Neither spot is of any use to DD. Trump decides that there won't be a winner this week, and that both teams will appear in the board room.

In the board room, both PM's come under fire. When they try the stock, empty "I was a good leader, we all stuck together," crap, Trump reminds them that they did a horrible job. Erin brings Bren and Michael back to the board room. Bren because the obscene commercial was his brainchild, and Michael? Residual hatred from last week is my guess.

Kristen brings Audrey and Tana back to the board room for Net Worth. Kristen and Audrey have been at odds for a while, so there is a personal agenda. Kristen's strategy is to blame not using water with the body wash on the actors being difficult to work with. Audrey and Tana were charged with supervising the actors.

With no performance successes to hang their hat on, Magna wisely falls back on a basic Trump philosophy - they remain united while Net Worth attacks each other. Lest we give them too much credit, they simply picked up on the fact that the Donald was harshly criticizing Net Worth for their lack of unity.

To the very end of her Apprentice life we hear Kristen telling us what a great leader she is. Her actions have said otherwise and she is relegated to taking the elevator "to the street."

This one was a stinker. The viewer is left wondering if anyone is going to survive. In a season of firsts, will we get to the end and have Trump echoing Donny Deutsch's, "They both sucked!" as he finds himself unable to come up with even one positive in trying to pick a winner?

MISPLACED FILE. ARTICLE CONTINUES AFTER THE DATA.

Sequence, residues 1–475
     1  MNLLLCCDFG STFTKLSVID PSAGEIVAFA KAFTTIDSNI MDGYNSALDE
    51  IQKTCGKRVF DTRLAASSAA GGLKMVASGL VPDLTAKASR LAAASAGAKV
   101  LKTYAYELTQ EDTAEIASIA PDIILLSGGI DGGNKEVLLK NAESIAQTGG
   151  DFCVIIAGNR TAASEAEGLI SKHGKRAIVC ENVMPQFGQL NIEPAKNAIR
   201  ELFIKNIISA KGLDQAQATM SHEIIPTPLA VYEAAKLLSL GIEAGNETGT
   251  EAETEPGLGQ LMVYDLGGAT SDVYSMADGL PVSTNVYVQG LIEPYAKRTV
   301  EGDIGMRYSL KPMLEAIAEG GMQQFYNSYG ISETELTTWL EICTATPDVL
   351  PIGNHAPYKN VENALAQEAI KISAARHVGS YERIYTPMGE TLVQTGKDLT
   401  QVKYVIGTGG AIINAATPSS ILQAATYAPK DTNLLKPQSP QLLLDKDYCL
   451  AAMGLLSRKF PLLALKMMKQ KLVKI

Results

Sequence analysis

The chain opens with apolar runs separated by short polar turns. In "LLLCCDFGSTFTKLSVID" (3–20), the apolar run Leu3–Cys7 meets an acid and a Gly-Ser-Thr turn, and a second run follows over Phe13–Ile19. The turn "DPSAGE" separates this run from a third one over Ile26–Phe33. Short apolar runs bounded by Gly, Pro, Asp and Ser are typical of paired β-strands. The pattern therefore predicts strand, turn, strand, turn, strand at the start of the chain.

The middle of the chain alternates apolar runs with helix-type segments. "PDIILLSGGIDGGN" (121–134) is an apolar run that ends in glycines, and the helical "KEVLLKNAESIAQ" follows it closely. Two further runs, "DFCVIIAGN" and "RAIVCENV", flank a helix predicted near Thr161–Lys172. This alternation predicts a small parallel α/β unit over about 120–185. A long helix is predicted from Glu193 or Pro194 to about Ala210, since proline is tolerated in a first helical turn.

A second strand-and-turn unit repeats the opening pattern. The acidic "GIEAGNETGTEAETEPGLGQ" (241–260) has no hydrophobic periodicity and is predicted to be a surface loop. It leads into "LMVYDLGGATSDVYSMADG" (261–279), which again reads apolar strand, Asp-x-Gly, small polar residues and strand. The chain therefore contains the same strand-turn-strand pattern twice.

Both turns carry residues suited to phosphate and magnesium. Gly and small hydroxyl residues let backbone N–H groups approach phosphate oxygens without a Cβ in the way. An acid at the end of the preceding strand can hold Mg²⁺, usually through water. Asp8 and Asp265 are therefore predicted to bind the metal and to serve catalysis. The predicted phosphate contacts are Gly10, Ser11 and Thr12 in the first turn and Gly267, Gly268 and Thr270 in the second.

I don't know what got into Michael last week, but he was back on his game this time. He may be abrasive in dealing with his team, but his team is performing horribly. I wouldn't be surprised if Trump sees, "Doesn't play well with the rest of Team Magna" as a positive! I still think he has promise but needs to watch his step because he is obviously going to be a frequent board room target.

Kristen was the right person to fire this week. Rather than lead, she simply tried to take the whole task over and do it on her own. At that point we found that not only does she lack leadership, she also isn't very talented. But at the very end, when she got to share her final thoughts in the taxi cab, I became very thankful that she was heading off to the airport. She wouldn't shut up! Usually the loser will offer a couple quick thoughts. Danny sang a song. Kristen just went on and on about what a great leader she is. Lady! We've just spent an hour finding out that you couldn't be more wrong.

The jury is still out on the book-smarts vs. street-smarts. Magna can't seem to get their act together at all. But, at key moments, their intelligence and the perspective that comes with the educational process kicks in and serves them well. As mentioned their idea was flawed, but their execution was pretty good this week. The only question: how come only one or two of them were able to spot what a bad idea this was? Weed one or two more people out, and Magna could become very strong.

Net Worth is all over the board. When they are on, they're very good. When they are off, they are way off. And, at this point, their wild cards are wilder and more numerous than those on Team Magna. Net Worth should be hoping for a shake-up of the teams very soon.


These are all relative. I doubt that at this point Trump is looking at anyone on either of these teams and thinking, "Man! They are sharp!"